1. 20.3.1. Defining the critical points
        2. 20.3.2. Establishing the regions of your generalized equations
        3. 20.3.3. Discovering other useful tricks from generalized equations
          1. 20.3.3.1. Defining the relationship between shear and moment
          2. 20.3.3.2. Calculating maximum and minimum shear and moments with calculus
          3. 20.3.3.3. Plotting a system's internal forces
      4. 20.4. Creating Shear and Moment Diagrams by Area Calculations
        1. 20.4.1. Rules to remember when working with area methods
        2. 20.4.2. Constructing the shear diagram
        3. 20.4.3. Creating the moment diagram
    3. 21. Working with Frames and Machines
      1. 21.1. Identifying a Frame and Machine System
        1. 21.1.1. Defining properties of frames and machines
        2. 21.1.2. Determining static determinacy
      2. 21.2. Using the Blow-It-All-Apart Approach to Solve Frame and Machine Problems
        1. 21.2.1. Breaking it at the hinges
        2. 21.2.2. Knowing where to start solving frame and machine problems
          1. 21.2.2.1. Starting on a member with a load
          2. 21.2.2.2. Solving for the unknown hinge forces as fast as you can
      3. 21.3. Considering Other Useful Approaches to Common Frame and Machine Problems
        1. 21.3.1. When more than two members meet at an internal hinge
        2. 21.3.2. Dealing with pesky pulley problems
          1. 21.3.2.1. Changing force direction with pulleys
          2. 21.3.2.2. Creating mechanical advantage with pulleys
      4. 21.4. Tackling Complex and Unique Assemblies on Machine Problems
        1. 21.4.1. Pistons and slider assemblies
        2. 21.4.2. Slotted holes and unidirectional pins
    4. 22. A Different Kind of Axial System: Cable Systems
      1. 22.1. Defining Nonlinear Structural Behavior
      2. 22.2. Distinguishing among Types of Flexible Cable Systems
        1. 22.2.1. Recognizing cables under concentrated loads
        2. 22.2.2. Picking out parabolic cable systems
        3. 22.2.3. Identifying catenary cable systems
      3. 22.3. Solving for Tension in Flexible Cables
        1. 22.3.1. Concentrated load systems
        2. 22.3.2. Parabolic cable systems
          1. 22.3.2.1. Calculating tension when you know sag
          2. 22.3.2.2. Calculating sag when tension is known
        3. 22.3.3. Catenary cable systems
      4. 22.4. Taking a Shortcut: The Beam Analogy for Flexible Cables
    5. 23. Those Darn Dam Problems: Submerged Surfaces
      1. 23.1. Feeling the Pressure: Understanding Fluid Pressure
        1. 23.1.1. Dealing with hydrostatic pressure
          1. 23.1.1.1. Recognizing why zero pressure isn't exactly zero pressure
          2. 23.1.1.2. Working with a unit width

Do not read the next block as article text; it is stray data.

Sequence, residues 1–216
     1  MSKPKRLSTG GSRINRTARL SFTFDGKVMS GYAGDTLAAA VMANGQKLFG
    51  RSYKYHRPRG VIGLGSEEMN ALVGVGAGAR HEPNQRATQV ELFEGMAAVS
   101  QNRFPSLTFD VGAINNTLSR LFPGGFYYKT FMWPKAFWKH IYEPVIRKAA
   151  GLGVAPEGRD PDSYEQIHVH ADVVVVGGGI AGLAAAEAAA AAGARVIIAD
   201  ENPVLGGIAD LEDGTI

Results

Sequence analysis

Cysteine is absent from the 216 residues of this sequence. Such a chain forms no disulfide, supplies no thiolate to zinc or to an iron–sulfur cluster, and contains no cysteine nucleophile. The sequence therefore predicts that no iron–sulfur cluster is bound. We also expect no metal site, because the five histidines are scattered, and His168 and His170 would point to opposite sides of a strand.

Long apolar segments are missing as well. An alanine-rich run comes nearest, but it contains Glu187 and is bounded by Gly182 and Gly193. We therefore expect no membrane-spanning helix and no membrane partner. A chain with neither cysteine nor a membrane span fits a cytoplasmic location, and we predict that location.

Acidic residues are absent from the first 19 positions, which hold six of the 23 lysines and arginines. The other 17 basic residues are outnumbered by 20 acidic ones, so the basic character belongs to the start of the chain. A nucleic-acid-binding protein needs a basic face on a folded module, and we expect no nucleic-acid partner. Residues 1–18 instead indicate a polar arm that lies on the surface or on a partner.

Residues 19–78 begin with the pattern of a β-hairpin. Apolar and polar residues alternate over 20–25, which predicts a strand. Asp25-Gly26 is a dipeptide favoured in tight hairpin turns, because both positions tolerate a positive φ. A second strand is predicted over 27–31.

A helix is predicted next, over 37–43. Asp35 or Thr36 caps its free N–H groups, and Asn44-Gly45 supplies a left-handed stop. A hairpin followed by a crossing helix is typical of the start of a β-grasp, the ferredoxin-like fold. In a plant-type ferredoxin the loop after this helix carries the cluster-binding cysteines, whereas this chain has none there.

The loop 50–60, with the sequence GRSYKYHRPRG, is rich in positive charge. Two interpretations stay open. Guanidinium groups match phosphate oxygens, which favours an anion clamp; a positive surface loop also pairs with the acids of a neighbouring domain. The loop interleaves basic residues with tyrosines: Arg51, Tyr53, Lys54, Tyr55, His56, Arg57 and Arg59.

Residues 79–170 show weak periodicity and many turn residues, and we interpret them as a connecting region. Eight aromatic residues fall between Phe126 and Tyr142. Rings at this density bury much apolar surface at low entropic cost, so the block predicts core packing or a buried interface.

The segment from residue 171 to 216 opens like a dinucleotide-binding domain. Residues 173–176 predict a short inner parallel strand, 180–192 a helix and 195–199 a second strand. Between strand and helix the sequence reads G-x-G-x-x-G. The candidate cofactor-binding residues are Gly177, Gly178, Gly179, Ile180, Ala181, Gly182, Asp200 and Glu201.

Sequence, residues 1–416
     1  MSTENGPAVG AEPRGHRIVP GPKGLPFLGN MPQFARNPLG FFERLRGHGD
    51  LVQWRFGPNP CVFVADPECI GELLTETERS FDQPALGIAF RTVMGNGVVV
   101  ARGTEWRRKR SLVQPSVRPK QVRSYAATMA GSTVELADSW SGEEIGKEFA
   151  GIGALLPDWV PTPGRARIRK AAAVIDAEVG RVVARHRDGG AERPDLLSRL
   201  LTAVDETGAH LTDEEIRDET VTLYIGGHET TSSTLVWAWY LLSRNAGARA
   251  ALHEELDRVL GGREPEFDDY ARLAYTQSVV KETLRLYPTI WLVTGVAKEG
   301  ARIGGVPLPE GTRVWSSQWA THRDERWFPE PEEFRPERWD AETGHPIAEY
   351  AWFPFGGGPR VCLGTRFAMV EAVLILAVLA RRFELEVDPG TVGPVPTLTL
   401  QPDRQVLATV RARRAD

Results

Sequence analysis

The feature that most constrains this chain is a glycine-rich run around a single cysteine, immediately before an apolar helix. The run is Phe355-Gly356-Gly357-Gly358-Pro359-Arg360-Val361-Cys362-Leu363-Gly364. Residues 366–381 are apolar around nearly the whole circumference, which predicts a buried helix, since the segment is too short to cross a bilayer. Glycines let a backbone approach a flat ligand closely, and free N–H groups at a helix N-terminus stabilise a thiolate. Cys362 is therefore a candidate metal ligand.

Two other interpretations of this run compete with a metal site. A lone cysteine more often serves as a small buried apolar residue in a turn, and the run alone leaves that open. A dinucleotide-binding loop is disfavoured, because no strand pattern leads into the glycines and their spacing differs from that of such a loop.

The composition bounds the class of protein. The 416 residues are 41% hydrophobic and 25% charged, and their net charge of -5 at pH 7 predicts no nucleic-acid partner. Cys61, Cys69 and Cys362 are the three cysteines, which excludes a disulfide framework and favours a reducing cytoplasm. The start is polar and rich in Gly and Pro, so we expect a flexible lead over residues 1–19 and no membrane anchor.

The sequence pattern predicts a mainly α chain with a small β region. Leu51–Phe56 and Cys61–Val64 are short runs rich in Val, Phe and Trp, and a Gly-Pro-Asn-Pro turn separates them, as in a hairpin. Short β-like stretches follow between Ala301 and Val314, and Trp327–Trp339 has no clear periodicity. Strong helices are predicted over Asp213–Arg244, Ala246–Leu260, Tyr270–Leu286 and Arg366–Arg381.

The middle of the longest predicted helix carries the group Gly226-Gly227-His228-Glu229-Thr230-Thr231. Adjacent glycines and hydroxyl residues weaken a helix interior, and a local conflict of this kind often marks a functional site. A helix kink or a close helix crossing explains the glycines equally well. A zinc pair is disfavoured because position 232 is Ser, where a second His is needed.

2. 23.1.2. Determining effects from the self weight of water
      2. 23.2. Making Calculations under (Fluid) Pressure
        1. 23.2.1. Drawing the fluid F.B.D.
        2. 23.2.2. Creating the hydrostatic pressure distribution
        3. 23.2.3. Finding the dead weight of water and dams
          1. 23.2.3.1. Determining the self weight of water
          2. 23.2.3.2. Establishing the self weight of a concrete dam
        4. 23.2.4. Including base reactions for dam structures
        5. 23.2.5. Applying equilibrium equations
      3. 23.3. Figuring Partial Pressures on Openings and Gates
    6. 24. Incorporating Friction into Your Applications
      1. 24.1. Friction: It's More Than Just Heat!
        1. 24.1.1. Factors affecting friction
        2. 24.1.2. Types of friction
      2. 24.2. A Sense of Impending . . . Motion? Calculating Sense
        1. 24.2.1. Establishing equilibrium when friction is present
        2. 24.2.2. Finding the friction limit FMAX
      3. 24.3. Solving Friction Problems by Using Logic and Equations Together
        1. 24.3.1. Working with friction angles
        2. 24.3.2. Combining friction and normal forces into a single resultant
      4. 24.4. Timber! Exploring Tipping
        1. 24.4.1. Uncovering the tipping point and normal force
        2. 24.4.2. Moving the normal force to prevent tipping
        3. 24.4.3. Establishing which friction phenomenon controls, sliding or tipping
          1. 24.4.3.1. Case 1: Checking sliding before tipping
          2. 24.4.3.2. Case 2: Checking tipping before sliding
      5. 24.5. Examining More Common Friction Applications
        1. 24.5.1. Wedging in on the action
        2. 24.5.2. Staying flexible with belts and pulleys
  12. VII. The Part of Tens
    1. 25. Ten Steps to Solving Any Statics Problem
      1. 25.1. Sketches Come First
      2. 25.2. Determine the Supports
      3. 25.3. Don't Forget the Applied Loads and Self Weight
      4. 25.4. Calculate As Many Unknown Support Reactions As You Can
      5. 25.5. Guess It's a Frame or Machine
      6. 25.6. Get Out the Dynamite: Separating Pieces from the Problem for Internal Analysis
      7. 25.7. Assume Directions of Internal Forces
      8. 25.8. Be Consistent with Your Assumptions
      9. 25.9. Guess That Three (or Six) Equilibrium Equations Are Necessary
      10. 25.10. If Friction Is Involved, Guess That the Object Slides
    2. 26. Ten Tips for Surviving a Statics Exam
      1. 26.1. Find Problems You Know How to Solve
      2. 26.2. State Your Assumptions
      3. 26.3. Relax and Remember Your Basic Steps
      4. 26.4. Identify Your Origin and Coordinate System
      5. 26.5. Remember Your Vectors
      6. 26.6. Write Your Equilibrium Equations
      7. 26.7. Stuck? Draw More Free-Body Diagrams
      8. 26.8. Draw Your Shear and Moment Diagrams Correctly
      9. 26.9. Assess Your Answers
      10. 26.10. Acknowledge Mistakes and Don't Erase